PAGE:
# Union-Find 并查集算法

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读完本文，你不仅学会了算法套路，还可以顺便解决如下题目：

LeetCode | Difficulty |
---|---|

130. Surrounded Regions | 🟠 |

323. Number of Connected Components in an Undirected Graph🔒 | 🟠 |

684. Redundant Connection | 🟠 |

990. Satisfiability of Equality Equations | 🟠 |

Prerequisites

Before reading this article, you need to learn:

The Union-Find algorithm is specifically designed for "dynamic connectivity." I have written about it twice before. Due to its high frequency in exams and its role as a prerequisite for minimum spanning tree algorithms, I have consolidated this article to explain the algorithm clearly in one go.

First, let's start with what dynamic connectivity in graphs is.

## I. Dynamic Connectivity

Simply put, dynamic connectivity can be abstracted as connecting lines in a graph. For example, in the following graph, there are 10 nodes that are not connected to each other, labeled from 0 to 9:

Now, our Union-Find algorithm mainly needs to implement these two APIs:

```
class UF {
// connect p and q
public void union(int p, int q);
// determine if p and q are connected
public boolean connected(int p, int q);
// return the number of connected components in the graph
public int count();
}
```

```
class UF {
public:
// connect p and q
void union_(int p, int q) = 0;
// determine if p and q are connected
bool connected(int p, int q) = 0;
// return the number of connected components in the graph
int count() = 0;
};
```

```
class UF:
# connect p and q
def union(self, p, q):
pass
# determine if p and q are connected
def connected(self, p, q):
pass
# return the number of connected components in the graph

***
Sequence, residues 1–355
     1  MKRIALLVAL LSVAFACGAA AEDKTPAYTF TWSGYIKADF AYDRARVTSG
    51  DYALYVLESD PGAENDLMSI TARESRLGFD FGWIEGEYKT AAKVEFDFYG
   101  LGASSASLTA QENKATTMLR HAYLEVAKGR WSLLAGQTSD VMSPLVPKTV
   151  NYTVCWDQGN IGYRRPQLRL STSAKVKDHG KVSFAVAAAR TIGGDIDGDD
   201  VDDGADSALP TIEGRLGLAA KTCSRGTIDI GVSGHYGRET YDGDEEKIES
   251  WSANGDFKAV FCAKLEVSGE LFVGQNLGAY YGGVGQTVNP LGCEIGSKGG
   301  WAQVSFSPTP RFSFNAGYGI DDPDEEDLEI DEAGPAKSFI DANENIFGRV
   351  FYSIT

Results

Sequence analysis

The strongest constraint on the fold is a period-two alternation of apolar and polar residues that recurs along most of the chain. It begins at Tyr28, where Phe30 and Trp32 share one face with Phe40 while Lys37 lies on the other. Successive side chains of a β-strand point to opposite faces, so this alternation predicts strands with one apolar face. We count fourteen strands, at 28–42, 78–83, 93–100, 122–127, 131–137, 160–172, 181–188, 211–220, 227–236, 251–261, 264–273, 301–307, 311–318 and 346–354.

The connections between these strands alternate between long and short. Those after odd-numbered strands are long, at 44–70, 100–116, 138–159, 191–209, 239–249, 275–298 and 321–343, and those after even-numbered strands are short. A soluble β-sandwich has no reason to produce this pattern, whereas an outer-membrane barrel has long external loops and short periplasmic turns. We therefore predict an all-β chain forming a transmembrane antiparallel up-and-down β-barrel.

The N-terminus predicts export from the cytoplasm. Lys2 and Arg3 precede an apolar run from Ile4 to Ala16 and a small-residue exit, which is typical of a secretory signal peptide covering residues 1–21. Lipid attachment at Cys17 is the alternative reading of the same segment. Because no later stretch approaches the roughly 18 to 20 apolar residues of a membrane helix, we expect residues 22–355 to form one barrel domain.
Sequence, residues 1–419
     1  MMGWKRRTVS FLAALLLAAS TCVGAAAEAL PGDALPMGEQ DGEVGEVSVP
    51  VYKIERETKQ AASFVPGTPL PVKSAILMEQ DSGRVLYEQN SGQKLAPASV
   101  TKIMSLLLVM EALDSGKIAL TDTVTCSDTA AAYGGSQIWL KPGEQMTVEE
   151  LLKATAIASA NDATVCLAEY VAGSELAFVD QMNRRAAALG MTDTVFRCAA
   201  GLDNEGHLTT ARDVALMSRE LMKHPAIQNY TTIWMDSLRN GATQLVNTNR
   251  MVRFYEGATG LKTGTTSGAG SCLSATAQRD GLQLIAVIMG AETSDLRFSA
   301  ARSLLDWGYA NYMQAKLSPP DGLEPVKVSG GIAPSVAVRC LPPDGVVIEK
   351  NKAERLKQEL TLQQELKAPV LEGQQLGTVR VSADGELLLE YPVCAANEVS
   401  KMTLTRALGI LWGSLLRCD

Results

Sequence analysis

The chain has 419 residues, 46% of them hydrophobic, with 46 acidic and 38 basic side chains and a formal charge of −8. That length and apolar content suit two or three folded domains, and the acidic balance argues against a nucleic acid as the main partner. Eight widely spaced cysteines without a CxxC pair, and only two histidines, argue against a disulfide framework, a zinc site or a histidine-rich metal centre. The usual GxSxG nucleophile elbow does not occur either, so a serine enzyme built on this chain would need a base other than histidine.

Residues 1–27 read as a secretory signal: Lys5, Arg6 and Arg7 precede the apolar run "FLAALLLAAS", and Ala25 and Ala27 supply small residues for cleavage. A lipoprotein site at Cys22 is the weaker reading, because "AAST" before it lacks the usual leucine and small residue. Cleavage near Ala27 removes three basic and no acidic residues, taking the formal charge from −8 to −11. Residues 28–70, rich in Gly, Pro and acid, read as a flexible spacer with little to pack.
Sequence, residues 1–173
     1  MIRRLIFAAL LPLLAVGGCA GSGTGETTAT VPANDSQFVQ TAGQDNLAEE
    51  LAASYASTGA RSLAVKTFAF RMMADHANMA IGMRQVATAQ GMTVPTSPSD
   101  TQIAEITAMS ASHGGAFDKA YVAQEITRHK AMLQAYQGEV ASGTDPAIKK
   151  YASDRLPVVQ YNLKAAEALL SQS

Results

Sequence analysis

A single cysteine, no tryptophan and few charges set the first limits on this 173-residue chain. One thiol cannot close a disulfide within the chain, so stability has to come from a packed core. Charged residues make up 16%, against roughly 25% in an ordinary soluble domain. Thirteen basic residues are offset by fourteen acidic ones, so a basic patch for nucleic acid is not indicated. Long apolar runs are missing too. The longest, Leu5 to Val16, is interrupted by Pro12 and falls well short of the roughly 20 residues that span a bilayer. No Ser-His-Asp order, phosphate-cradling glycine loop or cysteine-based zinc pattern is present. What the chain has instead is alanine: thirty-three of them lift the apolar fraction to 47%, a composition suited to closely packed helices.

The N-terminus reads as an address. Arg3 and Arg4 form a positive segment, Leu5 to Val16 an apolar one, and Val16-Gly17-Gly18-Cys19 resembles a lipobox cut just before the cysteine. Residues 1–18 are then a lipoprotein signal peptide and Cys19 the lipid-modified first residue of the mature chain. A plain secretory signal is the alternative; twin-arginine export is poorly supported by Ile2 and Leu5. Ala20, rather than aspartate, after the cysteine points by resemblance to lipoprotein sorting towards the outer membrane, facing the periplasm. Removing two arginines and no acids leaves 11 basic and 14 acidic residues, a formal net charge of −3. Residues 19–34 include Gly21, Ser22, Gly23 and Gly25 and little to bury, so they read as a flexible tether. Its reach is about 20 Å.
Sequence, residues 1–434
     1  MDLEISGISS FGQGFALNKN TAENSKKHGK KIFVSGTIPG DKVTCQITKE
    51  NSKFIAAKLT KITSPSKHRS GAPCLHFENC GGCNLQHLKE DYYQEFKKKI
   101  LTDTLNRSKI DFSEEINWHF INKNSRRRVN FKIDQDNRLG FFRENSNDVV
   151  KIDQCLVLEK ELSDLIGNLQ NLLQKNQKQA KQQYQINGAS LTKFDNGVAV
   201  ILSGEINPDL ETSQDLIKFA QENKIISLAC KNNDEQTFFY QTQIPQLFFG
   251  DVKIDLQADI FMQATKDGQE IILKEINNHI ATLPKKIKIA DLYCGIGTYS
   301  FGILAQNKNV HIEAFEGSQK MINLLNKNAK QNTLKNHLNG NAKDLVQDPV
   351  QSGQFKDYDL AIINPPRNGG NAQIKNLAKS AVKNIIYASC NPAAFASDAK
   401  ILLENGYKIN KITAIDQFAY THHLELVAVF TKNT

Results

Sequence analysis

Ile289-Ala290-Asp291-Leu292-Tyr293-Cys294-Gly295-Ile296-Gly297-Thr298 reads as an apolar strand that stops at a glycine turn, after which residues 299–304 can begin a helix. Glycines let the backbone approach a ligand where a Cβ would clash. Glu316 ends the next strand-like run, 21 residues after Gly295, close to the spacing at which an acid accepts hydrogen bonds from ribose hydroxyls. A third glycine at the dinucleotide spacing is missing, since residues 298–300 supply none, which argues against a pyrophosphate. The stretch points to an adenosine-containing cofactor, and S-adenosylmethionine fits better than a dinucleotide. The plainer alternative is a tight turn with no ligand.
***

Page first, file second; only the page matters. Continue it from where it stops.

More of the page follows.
def count(self):
pass
```

```
type UF struct{}
// connect p and q
func (uf *UF) Union(p int, q int) {}
// determine if p and q are connected
func (uf *UF) Connected(p int, q int) bool {
return false
}
// return the number of connected components in the graph
func (uf *UF) Count() int {
return 0
}
```

```
var UF = function() {
// connect p and q
this.union = function(p, q) {};
// determine if p and q are connected
this.connected = function(p, q) {};
// return the number of connected components in the graph
this.count = function() {};
};
```

The "connectivity" mentioned here is an equivalence relation, which means it has the following three properties:

Reflexivity: Node

`p`

is connected to itself.Symmetry: If node

`p`

is connected to node`q`

, then`q`

is also connected to`p`

.Transitivity: If node

`p`

is connected to node`q`

, and`q`

is connected to node`r`

, then`p`

is also connected to`r`

.

For example, in the previous diagram, any two **different** points from 0 to 9 are not connected. Calling `connected`

will return false, and there are 10 connected components.

If we now call `union(0, 1)`

, then 0 and 1 become connected, reducing the number of connected components to 9.

Calling `union(1, 2)`

next, 0, 1, and 2 are all connected. Calling `connected(0, 2)`

will also return true, reducing the connected components to 8.

Judging this "equivalence relation" is very practical, such as a compiler determining different references to the same variable, or calculating friend circles in a social network.

Now, you should have a basic understanding of dynamic connectivity. The key to the Union-Find algorithm lies in the efficiency of the `union`

and `connected`

functions. So, what model should we use to represent the connectivity state of this graph? And what data structure should we use to implement the code?